Short version of the Catiline Conspiracy: A charismatic figure named Catiline attempted to execute a coup against Cicero. Didn’t end well.
“I’ve taken the characters of the Catiline Conspiracy and set them in modern New York. So, in many ways, what it’s really about is metaphor-because if you walk around New York and look around, you could make Rome there”
He wasn’t kidding. His script actually names the architect character after Catiline and the mayor after Cicero. They are but a couple of the story’s countless characters and myriad suplots. Braund concluded: “Reading the screenplay, you emerge dazed, unable to decide whether a film spawned by it would have been a work of genius or the kind of folly that brings studios to their knees.”
Yet, Coppola believed in it so much he took the jobs to direct Bram Stoker’s Dracula, Jack, and The Rainmaker in the 90s just to raise money for Megalopolis. It almost worked. By 2000, he’d shot over 30 hours of second-unit footage for the project, commissioned numerous pieces of concept art, finalized the script, and started circling Kevin Spacey, Warren Beatty, Paul Newman, Nicolas Cage, and Robert De Niro for potential roles.
Then 9/11 happened.
“I feel like history has come to my doorstep,” said Coppola, initially believing the tragedy added relevance to his project just as long as he delayed it to rewrite the script to reflect the new world order post-9/11.
That proved far more difficult than he anticipated. “It made it really tough. All of a sudden you couldn’t write about New York without writing about what happened and the implications of what happened. The world was attacked and I didn’t know how to try to deal with that. I tried.”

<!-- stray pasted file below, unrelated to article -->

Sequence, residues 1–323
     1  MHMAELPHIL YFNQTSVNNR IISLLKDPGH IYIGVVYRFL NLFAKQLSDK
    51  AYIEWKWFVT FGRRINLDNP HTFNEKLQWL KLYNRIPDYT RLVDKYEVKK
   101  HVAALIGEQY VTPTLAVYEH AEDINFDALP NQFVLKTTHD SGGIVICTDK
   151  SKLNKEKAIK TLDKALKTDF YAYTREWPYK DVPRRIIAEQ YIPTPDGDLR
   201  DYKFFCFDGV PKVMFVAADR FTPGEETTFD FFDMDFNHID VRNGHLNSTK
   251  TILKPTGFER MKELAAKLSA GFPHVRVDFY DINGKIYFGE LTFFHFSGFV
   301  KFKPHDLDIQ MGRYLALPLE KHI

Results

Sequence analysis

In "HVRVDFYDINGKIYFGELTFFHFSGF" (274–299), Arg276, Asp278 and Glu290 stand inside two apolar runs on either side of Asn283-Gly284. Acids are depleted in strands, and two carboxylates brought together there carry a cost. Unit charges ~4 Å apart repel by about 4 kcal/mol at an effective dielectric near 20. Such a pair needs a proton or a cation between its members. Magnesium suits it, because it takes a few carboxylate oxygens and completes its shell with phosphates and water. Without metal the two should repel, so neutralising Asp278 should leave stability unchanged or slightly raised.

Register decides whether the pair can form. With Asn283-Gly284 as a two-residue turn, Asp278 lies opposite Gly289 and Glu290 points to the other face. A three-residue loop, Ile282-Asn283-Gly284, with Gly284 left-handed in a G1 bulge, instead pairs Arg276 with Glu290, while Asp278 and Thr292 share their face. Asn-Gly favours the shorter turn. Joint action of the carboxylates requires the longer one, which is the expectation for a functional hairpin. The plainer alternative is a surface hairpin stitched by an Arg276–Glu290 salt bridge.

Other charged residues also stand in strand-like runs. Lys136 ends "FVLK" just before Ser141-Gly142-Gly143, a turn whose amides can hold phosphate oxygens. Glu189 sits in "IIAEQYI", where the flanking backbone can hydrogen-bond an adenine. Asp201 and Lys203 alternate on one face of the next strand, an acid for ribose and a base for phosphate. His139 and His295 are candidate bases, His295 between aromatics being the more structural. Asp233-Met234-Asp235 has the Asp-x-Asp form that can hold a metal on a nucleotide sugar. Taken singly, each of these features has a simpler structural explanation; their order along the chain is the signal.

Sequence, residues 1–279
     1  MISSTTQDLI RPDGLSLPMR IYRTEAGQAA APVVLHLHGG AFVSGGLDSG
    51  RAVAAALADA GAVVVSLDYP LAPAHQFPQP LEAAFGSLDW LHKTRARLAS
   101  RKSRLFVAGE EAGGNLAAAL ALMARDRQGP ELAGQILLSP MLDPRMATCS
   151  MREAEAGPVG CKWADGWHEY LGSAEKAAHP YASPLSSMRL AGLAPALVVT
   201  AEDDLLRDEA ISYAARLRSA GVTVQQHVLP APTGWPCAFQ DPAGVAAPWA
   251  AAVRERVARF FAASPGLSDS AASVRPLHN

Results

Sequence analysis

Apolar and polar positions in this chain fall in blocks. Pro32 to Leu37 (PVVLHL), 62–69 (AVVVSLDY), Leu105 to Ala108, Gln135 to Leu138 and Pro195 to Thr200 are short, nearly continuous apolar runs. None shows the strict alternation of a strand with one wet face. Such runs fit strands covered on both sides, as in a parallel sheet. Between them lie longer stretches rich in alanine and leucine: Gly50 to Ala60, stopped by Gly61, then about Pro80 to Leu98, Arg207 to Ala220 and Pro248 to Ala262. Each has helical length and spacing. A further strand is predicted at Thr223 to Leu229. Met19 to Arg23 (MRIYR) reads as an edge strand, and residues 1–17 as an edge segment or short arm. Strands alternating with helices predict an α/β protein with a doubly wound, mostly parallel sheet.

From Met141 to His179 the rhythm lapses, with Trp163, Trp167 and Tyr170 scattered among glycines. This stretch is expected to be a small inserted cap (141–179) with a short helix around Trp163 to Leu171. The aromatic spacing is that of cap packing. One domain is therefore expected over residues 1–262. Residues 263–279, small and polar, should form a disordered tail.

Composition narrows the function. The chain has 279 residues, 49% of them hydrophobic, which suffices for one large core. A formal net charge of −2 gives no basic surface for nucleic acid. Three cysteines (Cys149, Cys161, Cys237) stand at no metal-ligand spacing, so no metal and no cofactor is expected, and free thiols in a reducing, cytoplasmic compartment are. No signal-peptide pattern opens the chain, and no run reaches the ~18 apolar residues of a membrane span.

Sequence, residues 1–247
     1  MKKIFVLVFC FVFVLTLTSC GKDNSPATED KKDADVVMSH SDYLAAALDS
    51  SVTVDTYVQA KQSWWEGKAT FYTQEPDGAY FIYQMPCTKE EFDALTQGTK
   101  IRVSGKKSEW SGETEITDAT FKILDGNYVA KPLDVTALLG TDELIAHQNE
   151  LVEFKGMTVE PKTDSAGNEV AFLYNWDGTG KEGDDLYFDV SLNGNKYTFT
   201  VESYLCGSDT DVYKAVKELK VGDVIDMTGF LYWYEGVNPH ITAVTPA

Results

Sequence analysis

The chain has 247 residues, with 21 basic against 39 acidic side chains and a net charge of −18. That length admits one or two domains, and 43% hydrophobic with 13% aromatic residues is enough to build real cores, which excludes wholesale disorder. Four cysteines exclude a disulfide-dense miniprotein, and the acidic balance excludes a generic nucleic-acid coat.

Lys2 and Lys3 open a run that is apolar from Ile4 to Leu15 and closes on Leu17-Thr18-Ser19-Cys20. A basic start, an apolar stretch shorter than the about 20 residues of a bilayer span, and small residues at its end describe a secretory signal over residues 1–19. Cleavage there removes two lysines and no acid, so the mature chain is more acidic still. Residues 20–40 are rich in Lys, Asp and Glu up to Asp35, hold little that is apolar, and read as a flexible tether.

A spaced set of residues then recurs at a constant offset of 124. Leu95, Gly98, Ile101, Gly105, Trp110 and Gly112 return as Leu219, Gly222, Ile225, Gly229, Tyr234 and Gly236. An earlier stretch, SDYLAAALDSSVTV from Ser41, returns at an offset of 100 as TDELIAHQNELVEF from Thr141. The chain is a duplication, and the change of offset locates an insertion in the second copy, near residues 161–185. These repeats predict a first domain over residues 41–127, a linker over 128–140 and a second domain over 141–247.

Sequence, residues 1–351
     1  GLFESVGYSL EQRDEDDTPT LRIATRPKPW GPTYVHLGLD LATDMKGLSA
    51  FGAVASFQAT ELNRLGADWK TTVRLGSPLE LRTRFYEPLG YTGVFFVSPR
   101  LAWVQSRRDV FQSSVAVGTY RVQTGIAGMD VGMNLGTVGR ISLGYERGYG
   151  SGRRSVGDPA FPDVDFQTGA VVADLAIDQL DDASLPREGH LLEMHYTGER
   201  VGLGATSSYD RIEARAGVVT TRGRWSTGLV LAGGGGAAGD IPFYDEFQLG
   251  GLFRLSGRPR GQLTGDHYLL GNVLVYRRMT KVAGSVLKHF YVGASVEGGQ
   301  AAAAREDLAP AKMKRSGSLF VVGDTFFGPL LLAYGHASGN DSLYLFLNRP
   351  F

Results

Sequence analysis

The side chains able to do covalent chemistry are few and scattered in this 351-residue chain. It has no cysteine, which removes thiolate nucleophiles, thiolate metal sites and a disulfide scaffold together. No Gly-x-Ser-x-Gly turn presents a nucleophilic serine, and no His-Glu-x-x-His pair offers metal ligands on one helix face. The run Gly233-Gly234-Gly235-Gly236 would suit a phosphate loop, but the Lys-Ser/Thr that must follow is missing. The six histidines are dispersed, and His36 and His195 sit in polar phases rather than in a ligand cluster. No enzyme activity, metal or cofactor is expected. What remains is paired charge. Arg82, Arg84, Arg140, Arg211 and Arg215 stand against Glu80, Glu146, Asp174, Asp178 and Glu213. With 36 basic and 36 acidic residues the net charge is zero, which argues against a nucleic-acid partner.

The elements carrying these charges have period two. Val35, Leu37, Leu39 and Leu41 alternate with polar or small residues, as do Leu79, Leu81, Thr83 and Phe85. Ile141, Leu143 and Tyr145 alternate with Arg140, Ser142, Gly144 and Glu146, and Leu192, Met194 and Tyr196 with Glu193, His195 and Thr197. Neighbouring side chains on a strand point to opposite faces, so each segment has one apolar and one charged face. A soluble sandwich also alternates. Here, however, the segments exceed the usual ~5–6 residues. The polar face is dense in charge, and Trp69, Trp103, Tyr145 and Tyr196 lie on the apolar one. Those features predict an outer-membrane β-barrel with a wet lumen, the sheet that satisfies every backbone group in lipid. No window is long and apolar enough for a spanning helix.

It’s also just that none of the studios seemed to understand his script. “The sort of notes I would get would be related to the project’s financial or pop-value. I didn’t want that kind of narrow movie feedback because I was trying to write a script that was more ambitious.”
However, the conservative, risk-averse Hollywood apparatus Coppola was going up against back then has only worsened in the decades since. The studio he was talking to, United Artists, has since been swallowed up by Sony, which isn’t exactly a major powerhouse itself these days.
The version of Hollywood that grants a director the type of black check Coppola had after Apocalypse Now…that doesn’t really exist anymore, and the type of film financing situation which bends over backward to accommodate a legendary old director’s non-commercial ideas…that’s never really existed anywhere, at least not at the blockbuster budget level Coppola is seeking.
This is a world in which Scorsese’s next movie is coming out on Netflix. Spielberg is only a couple of years removed from almost having to make Lincoln as an HBO Original Movie. Woody Allen is having to go to court just to get Amazon to honor the lucrative contract they gave him and then pulled back after Ronan Farrow’s reporting. Most of Coppola’s other peers have died off, transitioned into retirement or careers away from the film industry, or are perfectly willing to work again if only anyone would hire them.
That’s why he would be better off pitching this as a limited series somewhere. Either way, he seems might confident this will get off the ground before the end of the year, which would fulfill one of the more unlikely comebacks from a major film director in recent memory:
“So yes, I plan this year to begin my longstanding ambition to make a major work utilizing all I have learned during my long career, beginning at age 16 doing theater, and that will be an epic on a grand scale, which I’ve entitled Megalopolis,” Coppola told Deadline. “It is unusual; it will be a production on a grand scale with a large cast. It makes use of all of my years of trying films in different styles and types culminating in what I think is my own voice and aspiration. It is not within the mainstream of what is produced now, but I am intending and wishing and in fact encouraged, to begin production this year.”